A NASCAR champion’s rallycross road to the top

DirtFish caught up with 2020 NASCAR Xfinity Series champion Austin Cindric to reminisce about his successful RX spell


For drivers eyeing a career in NASCAR, the climb through the stock car ranks is a relatively obvious one. Austin Cindric’s rise up the motorsport ladder, however, was a little less orthodox.

Cindric won the 2020 NASCAR Xfinity series title in the season finale of the second-tier championship at Phoenix last November, after dabbling in single-seaters, sportscars, and rallycross early on in his career.

“My career has taken a lot of different moves,” Cindric told DirtFish. “I started in Bandoleros and Legend cars and then moved over from Legend cars to open-wheel racing, racing USF2000, [and] I had the opportunity to test rallycross cars a few times. Like anyone who’s driven rallycross stuff I really enjoyed it.”

“My first race was X Games (in 2014) and I ended up getting a bronze medal in that, and came back for a full season racing for OMSE and really developed a great relationship with them.”

After claiming that bronze medal at the non-championship X Games round in 2014, two more podiums followed towards the end of the GRC Lites season, which helped Cindric to fifth in the points, despite missing two rounds.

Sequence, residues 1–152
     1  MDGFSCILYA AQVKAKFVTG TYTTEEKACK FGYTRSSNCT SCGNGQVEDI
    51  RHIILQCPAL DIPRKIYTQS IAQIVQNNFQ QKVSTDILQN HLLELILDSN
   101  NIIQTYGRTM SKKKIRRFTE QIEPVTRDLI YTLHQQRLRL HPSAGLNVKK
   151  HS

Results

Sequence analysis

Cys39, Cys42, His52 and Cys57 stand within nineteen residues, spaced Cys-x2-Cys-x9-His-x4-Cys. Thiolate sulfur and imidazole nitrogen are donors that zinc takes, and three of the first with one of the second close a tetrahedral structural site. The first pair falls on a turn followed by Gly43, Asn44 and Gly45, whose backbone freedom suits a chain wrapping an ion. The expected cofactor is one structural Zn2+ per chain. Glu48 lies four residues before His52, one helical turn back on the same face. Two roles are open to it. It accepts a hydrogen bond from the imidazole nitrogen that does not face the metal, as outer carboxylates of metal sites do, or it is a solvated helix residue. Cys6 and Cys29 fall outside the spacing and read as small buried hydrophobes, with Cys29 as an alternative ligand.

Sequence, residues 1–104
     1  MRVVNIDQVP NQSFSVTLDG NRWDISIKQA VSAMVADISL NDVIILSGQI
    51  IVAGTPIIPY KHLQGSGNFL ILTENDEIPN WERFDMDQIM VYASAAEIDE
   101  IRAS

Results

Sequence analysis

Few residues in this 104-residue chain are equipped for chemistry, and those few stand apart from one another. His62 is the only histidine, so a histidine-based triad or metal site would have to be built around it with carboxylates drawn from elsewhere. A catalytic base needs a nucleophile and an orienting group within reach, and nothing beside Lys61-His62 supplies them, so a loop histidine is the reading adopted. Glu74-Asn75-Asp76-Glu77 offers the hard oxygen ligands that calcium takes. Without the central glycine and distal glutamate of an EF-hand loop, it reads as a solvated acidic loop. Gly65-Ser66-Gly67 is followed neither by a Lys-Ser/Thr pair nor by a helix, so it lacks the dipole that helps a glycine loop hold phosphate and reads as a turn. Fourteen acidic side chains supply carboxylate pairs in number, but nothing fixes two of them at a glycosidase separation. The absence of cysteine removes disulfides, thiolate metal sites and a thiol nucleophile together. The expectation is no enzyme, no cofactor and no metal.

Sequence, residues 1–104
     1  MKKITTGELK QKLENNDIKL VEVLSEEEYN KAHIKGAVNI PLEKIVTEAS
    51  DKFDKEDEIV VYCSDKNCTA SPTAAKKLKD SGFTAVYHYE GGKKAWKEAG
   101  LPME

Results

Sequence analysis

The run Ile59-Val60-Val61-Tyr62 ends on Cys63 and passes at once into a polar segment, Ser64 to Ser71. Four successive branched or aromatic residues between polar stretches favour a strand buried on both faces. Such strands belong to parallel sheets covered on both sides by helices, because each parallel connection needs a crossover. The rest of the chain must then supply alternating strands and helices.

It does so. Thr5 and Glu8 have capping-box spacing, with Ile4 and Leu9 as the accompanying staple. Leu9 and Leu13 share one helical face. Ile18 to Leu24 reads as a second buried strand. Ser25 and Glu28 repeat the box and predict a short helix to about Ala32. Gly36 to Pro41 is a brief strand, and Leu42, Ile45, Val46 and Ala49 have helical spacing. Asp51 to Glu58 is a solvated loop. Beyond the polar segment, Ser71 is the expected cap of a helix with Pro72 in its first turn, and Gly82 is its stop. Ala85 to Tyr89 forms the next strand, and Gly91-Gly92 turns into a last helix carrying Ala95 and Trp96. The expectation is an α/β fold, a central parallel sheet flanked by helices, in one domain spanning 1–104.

The following year, he really hit his stride. At the season opener on the streets of Fort Lauderdale he won, and he took another victory at round three in Daytona to make his championship credentials known early on.

Oliver Eriksson and Austin Cindric

Photo: Larry Chen

After going winless in the mid-part of the year, Cindric and Olsbergs MSE team-mate Oliver Eriksson swept the board in four of the final five rounds, winning two races apiece in Los Angeles and Barbados to set up a tense title decider on the Las Vegas strip.

“I think we raced each other really hard as team-mates, racing for a championship,” Cindric said of the season-long fight with Eriksson, adding that his favorite highlight of the year was “the Barbados weekend where we both won races and had a great time.”

“That was just a lot of fun as a team,” he recalled.

Cindric had the points advantage going into the showpiece finale in Vegas, but an opening lap collision brought an early end to his race, while Eriksson’s third place finish was more than enough to guarantee that he took home the championship crown.

The title may have been lost, but it was a stellar season for the then-17-year-old: four wins from 12 rounds and a further four podiums, while that retirement in the season finale (in which he was classified 10th) proved to be his worst result of the season, painfully coming right when it mattered most.